If Anheuser-Busch succeeds with its campaign, the result may be, we can only hope, that consumers will gain more overall exposure to different styles of beers. But the danger is that “pale ale” or “Bock” will become even more loosely defined in the marketplace. And if the true craft breweries cannot best an Anheuser-Busch at the specialty beer styles game, why indeed should consumers pay the extra money for micro-brewed products?
An appreciation of legitimate beer styles is fundamental to any kind of discussion of quality in the industry. Only beer drinkers who have experienced styles in their purest form can fairly evaluate the increasingly broad selection of microbrewed beer available on the market. How can anyone enjoy pale ale, for example, without first developing a taste for hop aroma and bitterness in beer? Likewise, any talk about Bock beers is nonsense without an understanding of the aromas and flavors of Munich malt. These are crucial style elements; if brewers ignore them, we might as well succumb to recent advertisements and go back to “good old macrobrew.”
Which is not to say, of course, that styles should be strict formulas of conformity; rather, they are mere guidelines for genius. The world has always boasted a few great beers that don’t seem to fit any category we create; many of the classic styles, such as Bohemian Pilsener and Irish dry stout, were actually born into classes of their own making. Yet without acceptable standards, any notion of styles is meaningless. Mozart shouldn’t sound like Metallica any more than Weissbier should taste like Trappist ale. Creativity needs limits just as music needs a score.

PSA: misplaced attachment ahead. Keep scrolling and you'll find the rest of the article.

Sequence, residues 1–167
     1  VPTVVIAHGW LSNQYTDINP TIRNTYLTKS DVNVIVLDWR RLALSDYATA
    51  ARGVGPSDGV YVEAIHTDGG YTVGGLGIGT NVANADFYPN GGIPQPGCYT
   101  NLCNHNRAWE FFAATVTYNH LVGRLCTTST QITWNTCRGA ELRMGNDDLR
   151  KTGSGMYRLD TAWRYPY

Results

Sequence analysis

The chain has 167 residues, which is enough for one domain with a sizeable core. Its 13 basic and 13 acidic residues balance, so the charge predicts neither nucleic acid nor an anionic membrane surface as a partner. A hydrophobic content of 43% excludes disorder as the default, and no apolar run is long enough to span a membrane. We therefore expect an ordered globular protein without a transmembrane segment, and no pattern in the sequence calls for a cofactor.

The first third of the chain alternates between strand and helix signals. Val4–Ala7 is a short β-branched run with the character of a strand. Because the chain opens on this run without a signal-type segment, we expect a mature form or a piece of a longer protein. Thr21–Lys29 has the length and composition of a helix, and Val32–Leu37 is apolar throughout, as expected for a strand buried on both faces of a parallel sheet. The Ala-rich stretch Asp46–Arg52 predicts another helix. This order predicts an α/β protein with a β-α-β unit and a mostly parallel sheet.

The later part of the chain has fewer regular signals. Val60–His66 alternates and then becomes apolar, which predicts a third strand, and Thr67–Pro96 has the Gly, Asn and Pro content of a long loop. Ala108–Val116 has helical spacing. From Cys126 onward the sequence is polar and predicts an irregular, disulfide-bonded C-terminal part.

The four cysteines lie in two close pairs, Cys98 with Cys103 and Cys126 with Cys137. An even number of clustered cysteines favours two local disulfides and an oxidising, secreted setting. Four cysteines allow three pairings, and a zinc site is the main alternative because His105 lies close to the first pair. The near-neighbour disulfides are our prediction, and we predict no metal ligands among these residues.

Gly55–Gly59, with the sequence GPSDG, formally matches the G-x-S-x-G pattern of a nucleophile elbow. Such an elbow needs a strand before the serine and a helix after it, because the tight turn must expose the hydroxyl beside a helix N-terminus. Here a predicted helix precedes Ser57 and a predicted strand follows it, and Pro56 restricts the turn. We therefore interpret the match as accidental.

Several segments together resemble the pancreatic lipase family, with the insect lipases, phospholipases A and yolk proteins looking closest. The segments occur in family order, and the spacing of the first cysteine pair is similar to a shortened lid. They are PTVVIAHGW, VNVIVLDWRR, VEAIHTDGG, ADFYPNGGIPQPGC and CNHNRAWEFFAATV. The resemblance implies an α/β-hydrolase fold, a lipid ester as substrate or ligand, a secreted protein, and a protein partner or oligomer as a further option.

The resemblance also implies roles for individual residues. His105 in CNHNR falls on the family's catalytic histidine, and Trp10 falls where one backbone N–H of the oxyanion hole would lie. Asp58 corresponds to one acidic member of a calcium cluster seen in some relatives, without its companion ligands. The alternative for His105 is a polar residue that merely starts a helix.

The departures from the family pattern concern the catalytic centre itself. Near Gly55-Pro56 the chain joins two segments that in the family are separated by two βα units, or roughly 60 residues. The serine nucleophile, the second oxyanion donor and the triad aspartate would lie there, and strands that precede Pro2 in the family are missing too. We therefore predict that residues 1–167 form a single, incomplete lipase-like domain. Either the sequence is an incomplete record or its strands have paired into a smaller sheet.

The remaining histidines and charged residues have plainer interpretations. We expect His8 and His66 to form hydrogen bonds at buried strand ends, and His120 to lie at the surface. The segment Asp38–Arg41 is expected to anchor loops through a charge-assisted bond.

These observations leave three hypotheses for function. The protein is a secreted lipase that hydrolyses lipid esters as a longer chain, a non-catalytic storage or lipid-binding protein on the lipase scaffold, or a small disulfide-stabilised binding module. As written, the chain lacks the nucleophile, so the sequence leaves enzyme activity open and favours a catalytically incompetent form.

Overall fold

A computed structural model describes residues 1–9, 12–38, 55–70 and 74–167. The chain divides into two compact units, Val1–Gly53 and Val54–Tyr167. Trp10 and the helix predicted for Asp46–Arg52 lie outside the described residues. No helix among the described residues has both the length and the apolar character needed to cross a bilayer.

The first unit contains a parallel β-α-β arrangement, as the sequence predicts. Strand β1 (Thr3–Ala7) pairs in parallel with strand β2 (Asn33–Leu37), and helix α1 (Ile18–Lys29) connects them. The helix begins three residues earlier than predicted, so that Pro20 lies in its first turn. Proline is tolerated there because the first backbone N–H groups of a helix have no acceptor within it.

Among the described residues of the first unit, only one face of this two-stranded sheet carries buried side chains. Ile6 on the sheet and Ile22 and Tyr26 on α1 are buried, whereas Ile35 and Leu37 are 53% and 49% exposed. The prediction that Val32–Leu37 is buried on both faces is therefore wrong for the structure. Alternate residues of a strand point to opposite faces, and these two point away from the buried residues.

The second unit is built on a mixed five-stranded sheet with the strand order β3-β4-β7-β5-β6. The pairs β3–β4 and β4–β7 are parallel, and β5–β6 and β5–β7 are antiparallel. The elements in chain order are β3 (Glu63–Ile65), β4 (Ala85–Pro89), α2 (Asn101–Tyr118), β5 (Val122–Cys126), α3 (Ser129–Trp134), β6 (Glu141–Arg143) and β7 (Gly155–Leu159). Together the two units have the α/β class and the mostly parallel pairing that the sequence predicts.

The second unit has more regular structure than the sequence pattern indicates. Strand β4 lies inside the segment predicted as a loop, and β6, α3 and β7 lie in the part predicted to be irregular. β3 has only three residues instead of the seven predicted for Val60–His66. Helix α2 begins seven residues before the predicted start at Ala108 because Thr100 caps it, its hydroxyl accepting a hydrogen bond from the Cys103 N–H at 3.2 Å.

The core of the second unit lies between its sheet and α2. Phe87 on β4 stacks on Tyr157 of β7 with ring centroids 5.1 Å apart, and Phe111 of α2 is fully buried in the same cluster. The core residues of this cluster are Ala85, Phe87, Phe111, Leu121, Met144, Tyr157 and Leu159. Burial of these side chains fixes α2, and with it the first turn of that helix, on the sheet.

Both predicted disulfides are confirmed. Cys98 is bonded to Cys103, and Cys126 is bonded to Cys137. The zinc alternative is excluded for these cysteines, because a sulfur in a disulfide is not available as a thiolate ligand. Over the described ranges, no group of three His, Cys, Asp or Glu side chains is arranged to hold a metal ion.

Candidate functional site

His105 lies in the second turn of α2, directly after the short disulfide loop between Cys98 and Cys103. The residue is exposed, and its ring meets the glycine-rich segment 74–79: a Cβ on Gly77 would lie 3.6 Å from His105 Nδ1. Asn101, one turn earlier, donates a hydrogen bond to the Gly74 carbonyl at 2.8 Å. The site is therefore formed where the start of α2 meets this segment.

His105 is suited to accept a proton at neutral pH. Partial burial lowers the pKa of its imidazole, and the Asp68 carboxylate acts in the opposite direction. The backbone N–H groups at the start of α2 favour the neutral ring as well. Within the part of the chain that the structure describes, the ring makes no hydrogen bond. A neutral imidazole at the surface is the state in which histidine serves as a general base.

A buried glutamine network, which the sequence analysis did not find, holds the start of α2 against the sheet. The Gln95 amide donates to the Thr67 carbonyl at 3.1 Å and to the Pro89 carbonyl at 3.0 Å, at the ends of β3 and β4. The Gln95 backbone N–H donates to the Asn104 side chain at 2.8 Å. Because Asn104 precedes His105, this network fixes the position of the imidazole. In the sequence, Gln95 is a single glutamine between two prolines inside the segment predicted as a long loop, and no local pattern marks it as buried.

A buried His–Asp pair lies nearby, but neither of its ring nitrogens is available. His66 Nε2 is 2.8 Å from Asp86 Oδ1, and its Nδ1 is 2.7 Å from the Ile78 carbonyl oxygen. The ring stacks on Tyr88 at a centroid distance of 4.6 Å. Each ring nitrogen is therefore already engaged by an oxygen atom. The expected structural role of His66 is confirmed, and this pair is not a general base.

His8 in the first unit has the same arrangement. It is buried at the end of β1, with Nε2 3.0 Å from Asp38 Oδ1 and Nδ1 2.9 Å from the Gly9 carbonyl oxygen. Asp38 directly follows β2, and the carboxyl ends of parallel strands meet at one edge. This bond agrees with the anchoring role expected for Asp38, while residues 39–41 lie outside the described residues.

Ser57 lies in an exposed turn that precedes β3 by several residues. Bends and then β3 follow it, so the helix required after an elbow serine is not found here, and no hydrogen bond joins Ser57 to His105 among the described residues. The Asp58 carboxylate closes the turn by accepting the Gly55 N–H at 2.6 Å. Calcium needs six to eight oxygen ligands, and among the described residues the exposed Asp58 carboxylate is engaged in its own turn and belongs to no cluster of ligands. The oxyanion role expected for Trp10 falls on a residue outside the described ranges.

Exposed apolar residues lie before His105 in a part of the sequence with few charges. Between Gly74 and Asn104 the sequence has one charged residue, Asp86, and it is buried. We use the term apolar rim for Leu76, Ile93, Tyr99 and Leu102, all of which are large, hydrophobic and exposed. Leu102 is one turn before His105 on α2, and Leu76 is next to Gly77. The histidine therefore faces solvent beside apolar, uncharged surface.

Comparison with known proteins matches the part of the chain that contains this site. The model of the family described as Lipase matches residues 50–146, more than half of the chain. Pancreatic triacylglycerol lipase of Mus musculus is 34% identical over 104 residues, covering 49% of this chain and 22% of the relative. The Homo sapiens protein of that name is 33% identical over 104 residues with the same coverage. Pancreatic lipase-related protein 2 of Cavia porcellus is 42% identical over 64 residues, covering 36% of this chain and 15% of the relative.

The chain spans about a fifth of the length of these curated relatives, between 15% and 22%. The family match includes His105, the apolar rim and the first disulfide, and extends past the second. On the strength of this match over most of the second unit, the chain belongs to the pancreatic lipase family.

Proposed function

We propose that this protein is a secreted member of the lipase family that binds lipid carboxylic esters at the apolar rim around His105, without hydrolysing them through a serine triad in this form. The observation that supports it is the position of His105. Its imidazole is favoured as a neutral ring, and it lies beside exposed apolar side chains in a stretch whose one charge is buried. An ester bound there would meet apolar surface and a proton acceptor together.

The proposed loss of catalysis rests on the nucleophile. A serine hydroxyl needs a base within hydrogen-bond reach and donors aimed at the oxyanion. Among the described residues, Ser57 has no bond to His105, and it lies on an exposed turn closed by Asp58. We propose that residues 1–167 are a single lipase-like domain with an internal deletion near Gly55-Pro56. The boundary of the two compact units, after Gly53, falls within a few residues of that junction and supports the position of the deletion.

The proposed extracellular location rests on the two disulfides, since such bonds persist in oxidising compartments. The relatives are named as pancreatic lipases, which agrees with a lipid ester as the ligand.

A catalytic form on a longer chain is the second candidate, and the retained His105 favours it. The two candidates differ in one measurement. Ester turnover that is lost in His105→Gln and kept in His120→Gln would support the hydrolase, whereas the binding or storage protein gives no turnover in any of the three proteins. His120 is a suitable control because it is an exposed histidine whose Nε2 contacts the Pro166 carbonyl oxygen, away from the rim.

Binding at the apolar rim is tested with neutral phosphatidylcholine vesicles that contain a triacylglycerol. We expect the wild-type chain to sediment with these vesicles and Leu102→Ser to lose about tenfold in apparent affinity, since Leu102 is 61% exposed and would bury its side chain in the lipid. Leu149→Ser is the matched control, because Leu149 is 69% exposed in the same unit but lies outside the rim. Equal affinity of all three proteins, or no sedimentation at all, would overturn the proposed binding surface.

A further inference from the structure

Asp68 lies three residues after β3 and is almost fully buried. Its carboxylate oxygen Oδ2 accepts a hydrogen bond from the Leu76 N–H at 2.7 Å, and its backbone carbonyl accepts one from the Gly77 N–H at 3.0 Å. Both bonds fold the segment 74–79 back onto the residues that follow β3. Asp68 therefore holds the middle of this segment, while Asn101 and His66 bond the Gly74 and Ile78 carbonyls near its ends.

As an artist and a writer, I face the same dilemma with my work that craft brewers do with their beer: how to create something that springs from the best traditions, yet has a life of its own. The challenge is to find the right element for that creation, the right surface for the paint, the right yeast strain for the beer.
This doesn’t mean that only one color, or word, or wort will do, but that within the process of reinterpreting, editing, or reformulating there remains a fundamental commitment to meaning and purpose. I might argue with my publisher about the importance of a phrase just as a brewer might make his case with a pub owner about using a certain hop in a beer (though the brewer has a definite advantage — if he can get the owner to drink enough of the latest “wort in progress,” agreement will probably come more easily). Unless each of us has a strong basis for our argument, though, these discussions are arbitrary or esoteric, and so to will be the final product.
And so brewers with any feel for their craft must take care to honor the standards of those they seek to emulate. Without Fuller’s ESB or Pilsner Urquell to define a style, we would be making beverages, not beer. Variations on a theme will always be welcome as long as the tune is recognizable in the first place. Brewers, like composers, should respect their audience. Nobody wins once IPA comes to stand for Imposter Pale Ale.